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"I don't know what I do, but I stay busy," Goodman told Patterson. "But don't make it like I'm real busy, OK? Because I don't want to be like I'm a big shot."
That same year, Goodman came under fire for being a less-than-responsible steward of his family's wealth. His brother, Greg, sued him in Harris County Circuit Court, trying to remove John as trustee of Greg's children's trust fund. Greg said that he and his brother had a "hostile" relationship and that John was not qualified to oversee the trust fund. "He never finished college, and pursues no serious profession," the suit alleged.
Eventually, the brothers reached a settlement, and John stepped down as trustee. Greg Goodman, who now breeds horses and owns the Mt. Brilliant polo team in Kentucky, didn't respond to requests for comment.
Meanwhile, John became chairman of his father's company and continued to pour millions into his beloved polo. He began spending more time in Wellington, which had over the years developed into an unlikely hub for the sport.
Six decades ago, Wellington — a small suburb between the Everglades and West Palm Beach — was home to the world's largest strawberry patch. Mucky swamps were drained and converted into the Flying Cow Ranch. In the late 1970s, Bill Ylvisaker, head of the electronics corporation Gould Inc. and also a skilled polo player, transformed the place into horse heaven. He built the Palm Beach Polo and Country Club — a sprawling venue with 11 polo fields, two golf courses, tennis courts, and pools — and lured the Winter Equestrian Festival to its stadium.
By the next decade, Wellington had become a winter playground for the tea-and-mimosas crowd. Prince Charles and Princess Di cheered in the Palm Beach Polo stadium. Cartier and Piaget sponsored the A-list parties, with guests like Zsa Zsa Gabor, Sylvester Stallone, and Charlton Heston. Polo was Wellington's ticket to highbrow fame.
But real estate in Florida is a fickle animal. By the early '90s, the vast Polo Club development, which by then included hundreds of homes, was bankrupt. Developer Glenn Straub bought it at a government auction, and homeowners soon began to complain.
Straub seemed more interested in his land value than in promoting the sport of polo. He cut back on staff and let the polo facilities wither. Instead of luring celebrities, he focused on the steady, mundane revenue stream of low- and medium-goal polo, show-jumping, and other equestrian events. High-level players began fleeing to other venues to host their tournaments.
"John [Goodman] saw it as a profession and entertainment," Straub says. "We see it as more of an amenity."
But such a bottom-line view of the sport didn't sit well with locals accustomed to pulling off the road to tailgate Sunday afternoon games or catch a glimpse of royalty in the stands.
"There was a danger that Wellington [polo] could have slid back or could have sort of fizzled," says Braddick.
John Goodman didn't let that happen. In 2004, his family sold Goodman Manufacturing to a buyout firm for $1.4 billion, and John devoted more time to his life in Wellington. He turned his lush backyard into a playground and a reincarnation of Ylvisaker's dream: the International Polo Club Palm Beach.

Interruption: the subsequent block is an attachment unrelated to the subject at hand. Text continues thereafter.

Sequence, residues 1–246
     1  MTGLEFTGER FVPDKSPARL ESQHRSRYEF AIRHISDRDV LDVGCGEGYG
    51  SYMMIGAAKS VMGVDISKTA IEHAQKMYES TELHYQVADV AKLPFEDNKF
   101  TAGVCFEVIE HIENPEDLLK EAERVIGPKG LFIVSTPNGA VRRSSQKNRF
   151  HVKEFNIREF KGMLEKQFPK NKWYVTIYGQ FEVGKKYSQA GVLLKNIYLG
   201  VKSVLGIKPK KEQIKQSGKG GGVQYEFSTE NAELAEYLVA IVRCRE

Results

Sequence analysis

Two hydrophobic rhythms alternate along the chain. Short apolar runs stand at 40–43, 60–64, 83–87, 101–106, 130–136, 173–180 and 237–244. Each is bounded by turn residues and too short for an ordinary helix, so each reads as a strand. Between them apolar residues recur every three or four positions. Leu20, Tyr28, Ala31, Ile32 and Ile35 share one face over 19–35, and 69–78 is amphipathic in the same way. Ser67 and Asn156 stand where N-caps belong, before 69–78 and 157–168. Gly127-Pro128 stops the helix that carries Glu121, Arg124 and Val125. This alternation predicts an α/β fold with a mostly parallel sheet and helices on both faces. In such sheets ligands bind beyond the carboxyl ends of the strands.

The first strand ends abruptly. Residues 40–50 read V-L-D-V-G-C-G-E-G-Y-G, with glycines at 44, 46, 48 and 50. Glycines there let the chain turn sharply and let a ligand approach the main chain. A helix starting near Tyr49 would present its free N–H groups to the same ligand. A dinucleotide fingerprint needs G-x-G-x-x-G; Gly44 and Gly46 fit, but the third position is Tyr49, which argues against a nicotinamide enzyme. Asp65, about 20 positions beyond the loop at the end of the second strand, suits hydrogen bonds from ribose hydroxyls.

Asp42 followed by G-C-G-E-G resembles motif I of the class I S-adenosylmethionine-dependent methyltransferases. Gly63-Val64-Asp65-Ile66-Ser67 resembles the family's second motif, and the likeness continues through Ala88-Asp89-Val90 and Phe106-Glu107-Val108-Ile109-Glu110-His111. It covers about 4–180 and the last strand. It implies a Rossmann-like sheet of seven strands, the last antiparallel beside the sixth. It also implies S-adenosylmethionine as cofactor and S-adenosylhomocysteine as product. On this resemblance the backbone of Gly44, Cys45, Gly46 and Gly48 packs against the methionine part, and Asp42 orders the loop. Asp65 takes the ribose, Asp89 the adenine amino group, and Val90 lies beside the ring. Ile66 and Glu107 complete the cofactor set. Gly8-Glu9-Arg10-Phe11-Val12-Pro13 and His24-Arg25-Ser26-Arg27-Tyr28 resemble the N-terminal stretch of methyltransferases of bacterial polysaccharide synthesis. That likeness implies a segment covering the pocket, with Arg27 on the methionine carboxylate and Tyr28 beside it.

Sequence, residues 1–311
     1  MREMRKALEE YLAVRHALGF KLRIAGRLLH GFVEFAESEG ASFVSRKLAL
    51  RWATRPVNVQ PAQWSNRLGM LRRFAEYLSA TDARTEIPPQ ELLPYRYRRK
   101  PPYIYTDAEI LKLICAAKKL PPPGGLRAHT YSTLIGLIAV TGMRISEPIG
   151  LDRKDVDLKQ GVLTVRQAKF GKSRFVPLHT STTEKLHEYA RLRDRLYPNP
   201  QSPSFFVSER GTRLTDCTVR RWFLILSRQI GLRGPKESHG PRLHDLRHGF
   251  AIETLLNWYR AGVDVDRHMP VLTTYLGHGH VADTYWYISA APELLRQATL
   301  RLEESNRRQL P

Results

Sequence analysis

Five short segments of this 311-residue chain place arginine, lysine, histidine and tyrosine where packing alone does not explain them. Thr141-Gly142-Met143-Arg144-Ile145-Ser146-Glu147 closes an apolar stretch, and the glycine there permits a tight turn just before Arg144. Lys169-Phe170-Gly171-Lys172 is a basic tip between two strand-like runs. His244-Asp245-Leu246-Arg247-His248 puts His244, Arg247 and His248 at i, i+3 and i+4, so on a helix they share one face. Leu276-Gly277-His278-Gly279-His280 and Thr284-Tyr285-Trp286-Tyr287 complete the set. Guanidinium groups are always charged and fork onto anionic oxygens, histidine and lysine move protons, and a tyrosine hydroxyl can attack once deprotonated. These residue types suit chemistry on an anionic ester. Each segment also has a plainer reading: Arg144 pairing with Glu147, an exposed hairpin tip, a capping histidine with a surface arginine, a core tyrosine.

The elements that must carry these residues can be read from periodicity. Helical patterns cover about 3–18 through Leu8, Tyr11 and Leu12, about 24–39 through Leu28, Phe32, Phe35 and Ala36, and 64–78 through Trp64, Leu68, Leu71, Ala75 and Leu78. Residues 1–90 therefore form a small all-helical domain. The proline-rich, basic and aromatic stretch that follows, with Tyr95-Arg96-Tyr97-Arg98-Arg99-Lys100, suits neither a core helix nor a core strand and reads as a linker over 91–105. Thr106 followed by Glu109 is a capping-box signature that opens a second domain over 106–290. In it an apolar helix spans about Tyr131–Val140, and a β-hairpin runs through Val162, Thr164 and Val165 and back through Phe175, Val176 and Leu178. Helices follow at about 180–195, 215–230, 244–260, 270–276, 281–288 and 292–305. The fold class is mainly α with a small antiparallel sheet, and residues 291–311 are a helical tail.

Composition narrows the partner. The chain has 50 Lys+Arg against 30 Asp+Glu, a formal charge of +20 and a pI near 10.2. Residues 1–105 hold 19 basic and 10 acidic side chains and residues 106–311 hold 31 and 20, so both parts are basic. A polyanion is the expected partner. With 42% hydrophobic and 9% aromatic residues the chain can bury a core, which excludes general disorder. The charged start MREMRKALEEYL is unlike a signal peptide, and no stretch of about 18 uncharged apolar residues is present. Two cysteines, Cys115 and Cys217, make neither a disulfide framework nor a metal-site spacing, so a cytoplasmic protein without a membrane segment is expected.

Glitterati such as Tommy Lee Jones, polo veteran Memo Gracida, and Ralph Lauren model/polo superstar Nacho Figueras graced the lavish fields. Chauffeured crowds flocked to the games to sip Moët and nibble on $100 brunches. In February 2009, Madonna showed up at an International Polo Club match and spawned rumors that she was looking to move to Wellington.
The club's facilities include four polo fields, tennis courts, a pool, a spa, and a restaurant. Those fields are now among the best polo arenas on the planet, Braddick says, and the club has the honor of hosting the U.S. Open Polo Championship. The Manolo Blahnik set pays about $25,000 — by invitation only — for yearly membership to the club. Games are open to the general admission masses at $15 a pop.
Meanwhile, Wellington's acres of unnatural velvet grass have become the village's signature attraction. Gated communities with names like Equestrian Club and Versailles rest sedately off the main roads. Turn down a quiet corner and you'll be surrounded by millionaires' estates.
Tall, meticulously trimmed hedges and iron-spiked gates shield these plantation-style ranches from inquiring eyes. Beaming coats of arms — an owl, crossed polo sticks — mark the entrance to each team's territory.
Polo, with its international tournaments, lavishly catered parties, and reliance on pricey horse care and breeding, has become an economic engine that powers Wellington. Locals heap much of the credit on Goodman. "What he's done is really remarkable," Braddick says. "To have kept polo here and to have expanded it — this has become a true global center of polo."
He moved to Wellington in eighth grade, with his parents and a younger sister who adored him. By Wellington standards, the family was far from wealthy, but Wilson grew up in a sprawling house on 2.5 acres, with a circular driveway, Greek columns, and double front doors decorated with gold Chinese symbols. Twenty years ago, his parents paid $70,000 for this property in sleepy Wellington; it's now worth ten times that amount.